And so begins another series I’m trying in my continuing attempt to be a better book blogger! This one is called, as the title says:
Back in the Day Books
It is, in case there is any question (which there probably is), a series in which I’ll re-read and revisit an assortment of random books I liked ‘back in the day’, i.e. when I was a kid. This will be accomplished via a box of books from back in the day (have I said that phrase too much already?) that I ‘rescued’ from my parents’ garage. I honestly have no idea what’s in the box, aside from a couple Beverly Hills 90210 novelizations that are on top. My method will be to dig around, grab a book, read it, and report back to you.
Hopefully this will be interesting for you, the people I’m assuming might read this post.
And I started already!
I dug around, grabbed, a book, and read Sixth Grade Can Really Kill You by Barthe DeClements.
I don’t remember my history with this particular book. I know that I wrote my name in the cover, in surprisingly sloppy cursive (I usually have very neat handwriting… so perhaps I’d just learned cursive?), and the cover tells me that Barthe DeClements also wrote Nothing’s Fair in Fifth Grade and I remember that more. But my fifth grade teacher was a lot better than my sixth grade teacher so maybe I can chalk it up to better memories overall.
Anyway, not surprising for a book marked Reading Level 5, I read Sixth Grade Can Really Kill You in a day. It is 146 pages long and was originally published in 1985 (I wasn’t even in school in 1985, so I must’ve read a reprint or something). Given when it was originally published, I was curious to see how it has stood the test of time, if it had a message that was still relevant to sixth graders today, if it brought back any memories, and if it was worth keeping or not.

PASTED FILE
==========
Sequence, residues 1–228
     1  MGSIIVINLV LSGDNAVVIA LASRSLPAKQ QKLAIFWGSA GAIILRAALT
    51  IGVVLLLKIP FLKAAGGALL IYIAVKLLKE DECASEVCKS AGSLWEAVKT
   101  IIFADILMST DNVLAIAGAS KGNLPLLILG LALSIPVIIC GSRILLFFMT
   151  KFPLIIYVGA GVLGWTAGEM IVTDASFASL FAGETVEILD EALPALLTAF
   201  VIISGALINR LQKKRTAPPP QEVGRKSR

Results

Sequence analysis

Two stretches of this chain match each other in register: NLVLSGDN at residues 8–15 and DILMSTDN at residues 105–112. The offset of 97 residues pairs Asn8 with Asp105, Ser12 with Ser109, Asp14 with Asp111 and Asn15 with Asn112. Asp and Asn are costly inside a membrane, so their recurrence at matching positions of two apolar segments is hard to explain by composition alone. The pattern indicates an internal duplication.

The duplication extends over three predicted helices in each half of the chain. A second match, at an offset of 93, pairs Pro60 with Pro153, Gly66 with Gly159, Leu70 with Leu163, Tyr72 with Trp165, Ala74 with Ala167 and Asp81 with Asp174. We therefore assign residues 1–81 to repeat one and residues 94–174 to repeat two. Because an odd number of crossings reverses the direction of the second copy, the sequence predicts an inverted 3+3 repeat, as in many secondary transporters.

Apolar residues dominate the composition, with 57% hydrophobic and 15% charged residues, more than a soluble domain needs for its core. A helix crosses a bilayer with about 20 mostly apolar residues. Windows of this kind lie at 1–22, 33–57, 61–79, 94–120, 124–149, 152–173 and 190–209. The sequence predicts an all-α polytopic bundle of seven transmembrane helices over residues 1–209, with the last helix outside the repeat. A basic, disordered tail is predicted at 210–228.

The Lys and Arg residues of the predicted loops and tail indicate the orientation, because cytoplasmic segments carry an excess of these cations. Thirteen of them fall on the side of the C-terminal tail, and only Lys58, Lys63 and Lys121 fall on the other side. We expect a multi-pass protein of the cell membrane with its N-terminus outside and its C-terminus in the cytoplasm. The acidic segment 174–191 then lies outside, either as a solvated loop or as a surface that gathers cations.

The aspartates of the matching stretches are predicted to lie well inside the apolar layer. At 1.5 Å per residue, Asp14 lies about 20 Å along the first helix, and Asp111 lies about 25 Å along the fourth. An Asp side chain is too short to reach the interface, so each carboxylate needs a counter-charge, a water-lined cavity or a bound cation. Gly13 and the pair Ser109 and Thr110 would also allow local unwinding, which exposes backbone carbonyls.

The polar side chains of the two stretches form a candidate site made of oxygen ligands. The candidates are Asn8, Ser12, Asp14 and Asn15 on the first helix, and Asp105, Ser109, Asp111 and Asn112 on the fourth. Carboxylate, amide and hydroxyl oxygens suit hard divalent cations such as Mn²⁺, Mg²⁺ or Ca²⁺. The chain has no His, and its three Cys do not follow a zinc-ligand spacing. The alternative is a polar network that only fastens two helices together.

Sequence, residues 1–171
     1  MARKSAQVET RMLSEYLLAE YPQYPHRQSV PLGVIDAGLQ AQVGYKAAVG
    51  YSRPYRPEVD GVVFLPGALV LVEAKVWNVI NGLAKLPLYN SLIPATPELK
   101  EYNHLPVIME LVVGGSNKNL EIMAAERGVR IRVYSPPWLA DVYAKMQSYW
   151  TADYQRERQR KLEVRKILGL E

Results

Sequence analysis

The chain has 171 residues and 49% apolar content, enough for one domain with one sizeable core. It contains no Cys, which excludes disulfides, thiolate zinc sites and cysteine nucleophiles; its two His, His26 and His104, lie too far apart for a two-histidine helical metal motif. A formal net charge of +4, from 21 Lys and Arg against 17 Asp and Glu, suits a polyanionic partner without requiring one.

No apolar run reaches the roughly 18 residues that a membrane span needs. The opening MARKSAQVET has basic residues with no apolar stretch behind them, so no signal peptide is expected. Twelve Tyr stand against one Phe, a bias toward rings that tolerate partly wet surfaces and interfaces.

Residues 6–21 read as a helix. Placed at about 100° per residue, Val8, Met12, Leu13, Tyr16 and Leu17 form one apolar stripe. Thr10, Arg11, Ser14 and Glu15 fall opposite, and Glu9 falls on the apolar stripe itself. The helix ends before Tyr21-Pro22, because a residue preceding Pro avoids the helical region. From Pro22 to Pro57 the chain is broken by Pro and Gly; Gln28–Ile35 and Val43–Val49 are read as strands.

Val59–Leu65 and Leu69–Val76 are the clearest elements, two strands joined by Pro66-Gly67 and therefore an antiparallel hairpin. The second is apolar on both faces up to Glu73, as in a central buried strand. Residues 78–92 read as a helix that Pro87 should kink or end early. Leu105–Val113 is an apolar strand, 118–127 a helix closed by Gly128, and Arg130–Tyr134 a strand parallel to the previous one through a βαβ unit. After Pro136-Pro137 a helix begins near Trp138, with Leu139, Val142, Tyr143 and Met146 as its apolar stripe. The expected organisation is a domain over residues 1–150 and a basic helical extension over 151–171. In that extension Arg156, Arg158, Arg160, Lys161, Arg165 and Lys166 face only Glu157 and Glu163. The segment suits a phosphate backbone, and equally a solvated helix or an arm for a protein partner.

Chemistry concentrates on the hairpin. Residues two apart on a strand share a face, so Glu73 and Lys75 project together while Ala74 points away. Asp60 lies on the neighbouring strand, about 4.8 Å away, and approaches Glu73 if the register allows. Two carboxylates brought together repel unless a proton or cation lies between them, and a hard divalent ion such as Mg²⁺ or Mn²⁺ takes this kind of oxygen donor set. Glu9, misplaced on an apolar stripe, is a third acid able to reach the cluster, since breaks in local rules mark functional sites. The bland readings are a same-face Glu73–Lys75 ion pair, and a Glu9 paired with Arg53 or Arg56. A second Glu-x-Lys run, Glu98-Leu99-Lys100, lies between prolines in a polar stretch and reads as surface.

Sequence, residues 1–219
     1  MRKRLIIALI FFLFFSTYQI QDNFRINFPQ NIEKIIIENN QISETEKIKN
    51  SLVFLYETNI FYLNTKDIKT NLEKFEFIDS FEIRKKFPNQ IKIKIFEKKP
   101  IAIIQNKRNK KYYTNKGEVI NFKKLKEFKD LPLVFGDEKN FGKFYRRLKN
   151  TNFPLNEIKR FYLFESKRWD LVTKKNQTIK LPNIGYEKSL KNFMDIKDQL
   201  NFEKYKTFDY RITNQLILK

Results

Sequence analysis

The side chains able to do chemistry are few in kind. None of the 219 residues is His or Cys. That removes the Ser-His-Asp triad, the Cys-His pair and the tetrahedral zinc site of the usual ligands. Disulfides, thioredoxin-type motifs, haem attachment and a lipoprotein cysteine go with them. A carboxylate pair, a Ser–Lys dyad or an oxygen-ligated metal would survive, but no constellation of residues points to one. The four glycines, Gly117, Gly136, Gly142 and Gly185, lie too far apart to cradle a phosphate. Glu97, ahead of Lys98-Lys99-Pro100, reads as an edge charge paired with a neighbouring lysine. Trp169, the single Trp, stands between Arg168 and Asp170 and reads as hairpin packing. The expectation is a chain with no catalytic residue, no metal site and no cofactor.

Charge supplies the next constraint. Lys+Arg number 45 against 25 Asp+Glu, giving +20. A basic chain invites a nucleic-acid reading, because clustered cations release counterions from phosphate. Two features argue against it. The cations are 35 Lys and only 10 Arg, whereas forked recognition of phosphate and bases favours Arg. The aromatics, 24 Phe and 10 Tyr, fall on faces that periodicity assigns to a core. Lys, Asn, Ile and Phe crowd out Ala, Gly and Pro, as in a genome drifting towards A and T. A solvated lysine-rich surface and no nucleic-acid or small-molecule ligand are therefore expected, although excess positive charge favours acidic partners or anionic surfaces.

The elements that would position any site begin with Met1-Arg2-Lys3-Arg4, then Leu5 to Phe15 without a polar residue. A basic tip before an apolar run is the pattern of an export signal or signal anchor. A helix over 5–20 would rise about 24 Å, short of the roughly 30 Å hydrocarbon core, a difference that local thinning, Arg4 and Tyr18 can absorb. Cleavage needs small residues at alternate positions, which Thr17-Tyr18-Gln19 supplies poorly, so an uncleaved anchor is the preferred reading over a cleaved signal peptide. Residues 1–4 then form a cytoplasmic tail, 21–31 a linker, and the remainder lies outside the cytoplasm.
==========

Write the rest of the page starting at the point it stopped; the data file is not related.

I won’t be keeping it. I don’t have kids and I feel sure that there are better books out now for that awkward period when you’re not quite a kid and not quite a teenager that my nephew and niece will find helpful.
I still don’t remember having read the book before. Maybe vaguely, but that’d be extremely vague. There was no moment of “oh, that’s why I’ve kept this book so long!” or “I remember now!” It was just… a book that I read once, a fact I take for granted given my name in the cover.
The message of Sixth Grade Can Really Kill You is still relevant. Helen, the lead character, struggles with learning disabilities (specifically perceptual learning problems that Thomas Edison, Nelson Rockefeller, and Albert Einstein had) that cause her to switch and mix up which letters like b and d are supposed to go, and to drop silent letters like e from the ends of works like ‘puke.’ Helen sees this as a burden she carries, something to be ashamed of. The book is about Helen overcoming that shame to get help through targeted classes that help her train her brain to be as good at reading as it is as math and arts. It handles the way her mother worries about the perceptions of others toward her and her daughter, and Helen seems to have inherited that. These things still happen today, that much is still very much true and will likely always be true. That makes this book valuable in that sense.
However, it doesn’t stand the test of time very well. Not in terms of language, political correctness, and fair and balanced relationships. One chapter is called “The Retard Room,” for example. Helen’s nickname at school, even with administrators, is “Bad Helen” and she embraces that nickname with sometimes cruel jokes and occasionally outright vandalism of the school itself. She gets away with it all. And her father goes behind her mother’s back to sign her up for the special classes, which is good on it’s face because she needs them but not an example of open, good family life.
So I’ve gone ‘back in the day’ with Barthe DeClements’ Sixth Grade Can Really Kill You and not had an altogether bad time. Not an altogether good one either, but no regrets. I won’t, however, be keeping or donating the book because I neither need it or think it’s something that would be noticed at a secondhand store.